Kobe Bryant is Overpaid, But That’s Not His Fault

Kobe Bryant

The revelation of the financial details leaking from the new TV deal for the NBA is driving a wedge between players and owners very quickly. Kobe Bryant of the Los Angeles Lakers, who has been criticized as overpaid, especially on his most recent contract, thinks it’s simply a matter of misguided public perception, and there’s nothing wrong with the money he’s making.

Bryant signed a two-year extension worth $48.5 million t the beginning of the 2013-2014 NBA season. He later returned from his injury only to be fit enough to play for six games before another injury shut him down for the rest of the season.

Listen: business is business. I think people get that confused very easily in understanding that players should take substantially less than their market value in order to win championships. It’s very easy to look at the elite players around the league and talk about the amount of money that they get paid and compare that with the average player. But we don’t look at what the owners get paid and how much revenue they generate off the backs of these players.

The league makes a certain amount of money. The NBA players deserve their cut, regardless of what people think the fair percentage is when it comes to the split between the owners and the players. Overall, in this generation of more likable NBA stars than the ones that were around during the 1998-1999 lockout, the owners are probably held as more greedy side in the negotiations, especially when it seems like their cries of losing too much money before the latest CBA had more to do with playing with numbers than actual facts.

We have a TV deal that comes out and you look at it almost being up a billion dollars more than the previous one, and this is coming off the back of a lockout in 2011 in which the salary cap; it’s not a hard cap, but it’s pretty close to being a hard cap. It’ll be interesting to see what happens in this next labor agreement, because my understanding is this TV deal kicks in in the last year of this current agreement. So I’m sure they’ll try to lock us out again in 2017 and harden the cap even more.

But something Bryant doesn’t understand is that there isn’t anger at him from taking money away from the franchise. No one cares that the Buss family is spending that amount of dollars on one player. But there is a problem when certain players declare they want nothing more in the world than winning a championship, and handicap their own team from getting a better supporting cast by going for the maximum salary, especially when they know that they’re not good enough to compensate for the talent the team isn’t able to land.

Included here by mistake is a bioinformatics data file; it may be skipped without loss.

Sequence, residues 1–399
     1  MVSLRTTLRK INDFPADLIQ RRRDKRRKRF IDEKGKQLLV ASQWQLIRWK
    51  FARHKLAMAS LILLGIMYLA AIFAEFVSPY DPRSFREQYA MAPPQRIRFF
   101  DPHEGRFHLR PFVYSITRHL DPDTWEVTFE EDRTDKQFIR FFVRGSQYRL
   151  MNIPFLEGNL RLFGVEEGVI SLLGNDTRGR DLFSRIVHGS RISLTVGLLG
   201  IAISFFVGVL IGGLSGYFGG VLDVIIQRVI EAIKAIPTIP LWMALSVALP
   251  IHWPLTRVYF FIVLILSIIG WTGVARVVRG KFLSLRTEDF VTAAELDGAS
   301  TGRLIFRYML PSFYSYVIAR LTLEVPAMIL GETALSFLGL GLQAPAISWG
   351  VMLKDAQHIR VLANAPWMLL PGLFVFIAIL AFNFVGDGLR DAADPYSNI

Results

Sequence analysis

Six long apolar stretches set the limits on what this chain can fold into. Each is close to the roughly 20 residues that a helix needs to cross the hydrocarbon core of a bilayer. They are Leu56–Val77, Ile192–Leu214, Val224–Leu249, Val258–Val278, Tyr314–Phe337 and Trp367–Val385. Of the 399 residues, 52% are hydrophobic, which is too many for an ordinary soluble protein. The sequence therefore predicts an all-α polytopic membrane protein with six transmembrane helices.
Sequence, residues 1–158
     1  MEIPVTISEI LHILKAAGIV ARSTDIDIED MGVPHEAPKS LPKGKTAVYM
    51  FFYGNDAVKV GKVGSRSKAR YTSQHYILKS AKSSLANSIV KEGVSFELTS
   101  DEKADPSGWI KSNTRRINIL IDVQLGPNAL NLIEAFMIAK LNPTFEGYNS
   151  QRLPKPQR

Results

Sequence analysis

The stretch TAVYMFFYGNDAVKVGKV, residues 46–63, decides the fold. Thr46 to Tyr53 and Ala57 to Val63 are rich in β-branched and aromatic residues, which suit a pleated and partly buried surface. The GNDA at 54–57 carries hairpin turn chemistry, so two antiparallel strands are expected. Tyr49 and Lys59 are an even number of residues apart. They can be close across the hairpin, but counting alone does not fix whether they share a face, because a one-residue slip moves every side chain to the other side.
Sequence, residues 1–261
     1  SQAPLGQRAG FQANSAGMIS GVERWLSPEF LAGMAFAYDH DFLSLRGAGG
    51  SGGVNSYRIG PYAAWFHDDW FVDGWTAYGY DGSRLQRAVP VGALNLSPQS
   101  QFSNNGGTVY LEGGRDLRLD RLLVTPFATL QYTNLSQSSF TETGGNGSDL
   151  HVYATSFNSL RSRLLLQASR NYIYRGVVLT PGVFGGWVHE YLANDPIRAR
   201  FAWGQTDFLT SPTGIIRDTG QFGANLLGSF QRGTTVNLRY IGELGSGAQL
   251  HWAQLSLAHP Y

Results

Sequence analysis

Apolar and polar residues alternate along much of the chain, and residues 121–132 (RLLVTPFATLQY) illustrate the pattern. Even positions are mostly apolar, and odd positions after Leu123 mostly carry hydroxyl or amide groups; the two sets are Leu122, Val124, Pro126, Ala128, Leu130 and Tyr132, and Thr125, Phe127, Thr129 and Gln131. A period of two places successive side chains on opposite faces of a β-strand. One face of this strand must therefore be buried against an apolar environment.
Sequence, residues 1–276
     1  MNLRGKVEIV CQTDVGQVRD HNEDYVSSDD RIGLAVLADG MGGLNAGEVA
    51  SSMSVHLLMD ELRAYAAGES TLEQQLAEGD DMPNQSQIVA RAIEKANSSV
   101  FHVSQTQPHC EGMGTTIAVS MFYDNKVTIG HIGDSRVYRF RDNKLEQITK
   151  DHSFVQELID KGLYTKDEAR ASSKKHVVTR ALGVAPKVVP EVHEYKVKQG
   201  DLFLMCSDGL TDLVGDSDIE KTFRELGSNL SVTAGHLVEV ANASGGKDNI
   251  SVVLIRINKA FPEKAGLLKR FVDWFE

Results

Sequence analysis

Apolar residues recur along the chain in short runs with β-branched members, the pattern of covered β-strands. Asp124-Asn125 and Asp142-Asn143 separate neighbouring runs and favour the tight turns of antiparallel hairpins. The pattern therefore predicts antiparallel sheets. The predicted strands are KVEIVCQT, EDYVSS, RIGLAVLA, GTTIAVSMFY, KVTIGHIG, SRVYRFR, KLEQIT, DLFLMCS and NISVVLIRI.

I think as players, you’ve kind of got to hold your ground a little bit and not be afraid of what the public perception is. Instead, you try to educate the public a little bit and understand it’s not about complaining about how much you’re making, because that’s ridiculous. We are overpaid, but so are the owners. And you have to fight for what your market value is.

Not everyone is like LeBron James and Chris Bosh who took less money in order to make the big three in Miami work. And James has now taken a maximum contract, which means that good will when it comes to money doesn’t last forever. Players want to make the kind of money their market value suggests they should be making. James is just a big enough commodity to attract other players under favorable conditions. No one wants to play that badly with Kobe Bryant anymore.

Kobe Bryant meme

I’m the luckiest basketball player in the league, because I got very fortunate to be with an organization that takes care of its players, rewards its players and has a long history of doing that. I think it speaks volumes, not only to me and to this city but to other players around this league as well. You look around at some of the other owners that try to milk their players or get rid of them or discard them, this organization doesn’t do that.

According to both Bryant and the Lakers, this was a no-brainer. He was offered the money straight up. No haggling, no arguing, no negotiations. Bryant has done a lot for the Lakers, and the Lakers have made a lot of money, not to mention won championships, thanks to him. But when he looks at the roster assembled and wonders why it’s not good enough to even make the playoffs, his own salary is a big part of the reason.

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